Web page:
Movie Review: ‘Widows’
Director: Steve McQueen
Cast: Viola Davis, Michelle Rodrigues, Elizabeth Debicki, Cynthia Erivo, Colin Farrell, Brian Tyree Henry, Daniel Kaluuya, Jacki Weaver, Carrie Coon, Robert Duvall, Liam Neeson, Garret Dillahunt, Lukas Haas
Plot: When a gang of career criminals perish in a job gone wrong their respective widows are left empty handed and picking up the pieces of their shattered lives. Desperate, they put their husband’s next plan into action.
Review: Steve McQueen has returned to our screens five years after taking home the Oscar for Best Director, teaming with Gone Girl writer Gillian Flynn to turn a 25 year old ITV series into one of the hardest hitting crime dramas we’ve seen in years.
Yes, that means our expectations are high and yes, it delivers.
Here’s the trouble I have with the movie – it’s hard to describe the plot without it sounding like a zany caper, akin to something in the Ocean’s series. Think of it more like Michael Mann’s Heat, a complex and character driven look at a cross-section of the underworld and corrupt officials, with measured pacing and occasional shocking violence. All of this is supported by a damn fine ensemble cast.
Veronica (Davis) is the recently widowed wife of Harry (Neeson). With his death comes danger, as his most recent heist involved stealing from Jamal Manning (Henry). Manning is a crime boss turned politician who expects Veronica to pay him back for the $2million theft. When she finds Harry’s plans for a heist in his old notebook she recruits the other widows left by Harry’s failed robbery, Alice (Debicki) and Linda (Rodriguez) to put the plan into action. Whilst all this is going on we have Manning’s equally corrupt and powerful political rival MacMillan (Farrell), a brutal mob enforcer (Kaluuya), a furious power broker (Duvall), a babysitter (Erivo) who has some essential skills and other figures.
What we end up with is a diverse group of characters who would normally never cross paths discovering that they’re tied together through corruption and manipulation. What makes the story remarkable is how much detail has been sunk into each character. We get the chance to discover what kind of person they are not through hurried exposition but by taking the time to show them involved in their business or daily routine without initially knowing how they’re going to be worked into the story. It’s easy to become invested in their stories with this approach even when they’re sinking further into corruption themselves.
It must be said, McQueen could take half of Hollywood to school in terms of using the cinematic frame. He seems to be one of the few directors working today who is able remembers that the frame isn’t a flat, two dimensional plane but a window into a world that extends beyond the edges of the screen and vanishes into the distance. There’s all matter of well considered and experimental direction on display here. One specific example that stood out is a long tracking shot following Colin Farrell into his car, which then travels a few blocks down the road before he exits the vehicle, the entire time we still hear his dialogue even whilst he isn’t visible within the car but we do get a very clear look at the contrast between his life and the people he claims to support as the neighbourhood changes, calling back to dialogue we heard earlier in the movie.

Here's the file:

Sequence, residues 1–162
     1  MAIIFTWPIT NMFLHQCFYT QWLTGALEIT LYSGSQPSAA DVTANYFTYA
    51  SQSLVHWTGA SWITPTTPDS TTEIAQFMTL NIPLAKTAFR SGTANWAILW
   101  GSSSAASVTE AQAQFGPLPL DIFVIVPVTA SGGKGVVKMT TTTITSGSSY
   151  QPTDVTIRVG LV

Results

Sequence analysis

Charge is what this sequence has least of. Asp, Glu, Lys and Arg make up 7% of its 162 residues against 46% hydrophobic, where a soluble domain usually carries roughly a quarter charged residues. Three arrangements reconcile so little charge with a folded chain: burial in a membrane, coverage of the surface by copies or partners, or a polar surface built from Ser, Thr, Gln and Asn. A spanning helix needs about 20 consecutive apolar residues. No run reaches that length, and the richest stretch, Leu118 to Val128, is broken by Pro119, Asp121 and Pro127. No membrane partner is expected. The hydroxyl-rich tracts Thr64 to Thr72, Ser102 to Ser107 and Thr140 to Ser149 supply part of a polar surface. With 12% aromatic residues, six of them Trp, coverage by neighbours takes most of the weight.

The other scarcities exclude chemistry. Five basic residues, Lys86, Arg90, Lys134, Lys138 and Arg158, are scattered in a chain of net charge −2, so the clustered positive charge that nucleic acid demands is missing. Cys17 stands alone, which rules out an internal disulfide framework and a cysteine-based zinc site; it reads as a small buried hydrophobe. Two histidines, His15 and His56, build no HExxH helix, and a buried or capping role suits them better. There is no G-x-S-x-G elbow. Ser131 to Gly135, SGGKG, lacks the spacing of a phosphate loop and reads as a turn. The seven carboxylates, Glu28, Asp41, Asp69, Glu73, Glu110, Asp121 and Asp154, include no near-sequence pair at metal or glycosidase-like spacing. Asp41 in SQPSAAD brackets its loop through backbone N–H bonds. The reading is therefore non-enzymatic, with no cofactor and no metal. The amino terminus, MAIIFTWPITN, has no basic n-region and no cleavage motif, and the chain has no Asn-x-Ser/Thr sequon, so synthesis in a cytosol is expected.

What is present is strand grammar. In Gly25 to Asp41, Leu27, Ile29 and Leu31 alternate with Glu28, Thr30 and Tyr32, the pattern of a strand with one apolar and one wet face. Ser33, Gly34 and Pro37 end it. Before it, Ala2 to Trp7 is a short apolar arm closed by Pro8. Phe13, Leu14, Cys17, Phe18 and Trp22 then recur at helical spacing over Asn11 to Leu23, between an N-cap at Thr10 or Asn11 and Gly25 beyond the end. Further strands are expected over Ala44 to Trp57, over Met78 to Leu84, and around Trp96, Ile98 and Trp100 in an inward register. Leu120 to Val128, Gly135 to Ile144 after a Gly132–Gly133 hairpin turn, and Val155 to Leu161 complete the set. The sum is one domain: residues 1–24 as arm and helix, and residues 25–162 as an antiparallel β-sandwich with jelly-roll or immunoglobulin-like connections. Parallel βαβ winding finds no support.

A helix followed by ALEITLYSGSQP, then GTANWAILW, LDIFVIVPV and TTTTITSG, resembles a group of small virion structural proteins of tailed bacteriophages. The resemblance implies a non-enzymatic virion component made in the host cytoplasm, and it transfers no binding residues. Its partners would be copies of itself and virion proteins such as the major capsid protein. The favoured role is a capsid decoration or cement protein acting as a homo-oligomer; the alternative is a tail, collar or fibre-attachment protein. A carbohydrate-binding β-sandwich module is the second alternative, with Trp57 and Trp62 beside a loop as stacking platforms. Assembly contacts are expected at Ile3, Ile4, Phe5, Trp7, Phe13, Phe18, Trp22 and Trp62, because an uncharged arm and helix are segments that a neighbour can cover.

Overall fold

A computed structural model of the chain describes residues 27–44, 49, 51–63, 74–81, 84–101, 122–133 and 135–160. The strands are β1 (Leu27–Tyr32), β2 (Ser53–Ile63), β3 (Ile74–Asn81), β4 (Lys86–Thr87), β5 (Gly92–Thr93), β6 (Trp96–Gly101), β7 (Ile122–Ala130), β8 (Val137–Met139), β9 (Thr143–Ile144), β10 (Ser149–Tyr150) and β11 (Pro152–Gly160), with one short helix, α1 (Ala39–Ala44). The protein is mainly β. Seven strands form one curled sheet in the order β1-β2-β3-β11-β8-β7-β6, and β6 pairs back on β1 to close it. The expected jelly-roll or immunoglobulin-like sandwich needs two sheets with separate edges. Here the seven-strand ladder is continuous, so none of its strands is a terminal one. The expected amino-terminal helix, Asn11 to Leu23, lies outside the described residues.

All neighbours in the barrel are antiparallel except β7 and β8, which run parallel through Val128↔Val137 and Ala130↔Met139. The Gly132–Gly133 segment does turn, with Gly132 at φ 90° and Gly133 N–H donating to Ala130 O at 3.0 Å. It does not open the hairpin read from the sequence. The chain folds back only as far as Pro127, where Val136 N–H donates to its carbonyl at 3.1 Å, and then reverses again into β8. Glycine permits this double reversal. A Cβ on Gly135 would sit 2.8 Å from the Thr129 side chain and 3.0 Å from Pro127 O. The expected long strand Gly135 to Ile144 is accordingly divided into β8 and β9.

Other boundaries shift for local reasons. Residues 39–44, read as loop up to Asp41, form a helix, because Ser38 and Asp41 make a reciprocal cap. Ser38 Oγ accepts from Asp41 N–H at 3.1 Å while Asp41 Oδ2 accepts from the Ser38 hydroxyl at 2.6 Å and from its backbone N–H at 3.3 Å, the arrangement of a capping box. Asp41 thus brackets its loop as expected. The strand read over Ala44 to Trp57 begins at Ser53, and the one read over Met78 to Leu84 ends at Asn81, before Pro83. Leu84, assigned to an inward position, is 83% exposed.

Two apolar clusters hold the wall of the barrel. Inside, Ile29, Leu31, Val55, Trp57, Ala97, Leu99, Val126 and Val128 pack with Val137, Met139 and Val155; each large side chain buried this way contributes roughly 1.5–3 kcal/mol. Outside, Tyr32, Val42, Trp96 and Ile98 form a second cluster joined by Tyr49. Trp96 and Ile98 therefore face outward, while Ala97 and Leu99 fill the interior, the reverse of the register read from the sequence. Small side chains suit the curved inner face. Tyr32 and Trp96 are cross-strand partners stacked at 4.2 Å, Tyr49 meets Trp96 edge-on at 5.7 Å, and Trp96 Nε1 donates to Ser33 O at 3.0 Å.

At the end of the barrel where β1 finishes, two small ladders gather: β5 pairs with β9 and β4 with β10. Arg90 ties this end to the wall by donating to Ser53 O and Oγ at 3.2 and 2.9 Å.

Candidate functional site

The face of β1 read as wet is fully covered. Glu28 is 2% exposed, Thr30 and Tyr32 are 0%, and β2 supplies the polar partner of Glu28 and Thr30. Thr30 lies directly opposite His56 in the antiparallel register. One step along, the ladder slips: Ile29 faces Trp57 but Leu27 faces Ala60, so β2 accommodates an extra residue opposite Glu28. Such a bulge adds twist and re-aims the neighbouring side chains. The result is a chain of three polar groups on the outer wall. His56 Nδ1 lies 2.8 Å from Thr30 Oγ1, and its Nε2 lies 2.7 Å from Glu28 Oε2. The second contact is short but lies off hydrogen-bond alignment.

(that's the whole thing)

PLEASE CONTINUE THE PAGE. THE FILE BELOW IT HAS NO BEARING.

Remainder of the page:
This is a stand out sequence, but it’s not jarring since the movie is packed with moments like these, some more subtle than others but still present. We get a number of scenes where we only see one character’s reactions while the other is speaking from off-screen and plenty of carefully choreographed tracking shots. Different depths of field are used to excellent storytelling use, including one sequence where the audience doesn’t immediately have their attention drawn to an approaching car. All round excellent filmmaking.
The following paragraph alludes to spoilers. Skip past it if you want. The film gets 9/10 if you want to stop here.
Whilst the story is excellent and engaging, there is one aspect of it that drew shocked gasps from the audience and…I saw it coming. I find people who sit through movies trying to guess the ‘twist’ pretty tiresome and prefer to sit back and let the story unfold as intended, but I still saw this one. I’m not trying to brag, but I do think this issue could have been avoided with a different casting choice.
But that’s a minor quibble in and otherwise amazing film, a true modern masterpiece.
Rating: NINE out of TEN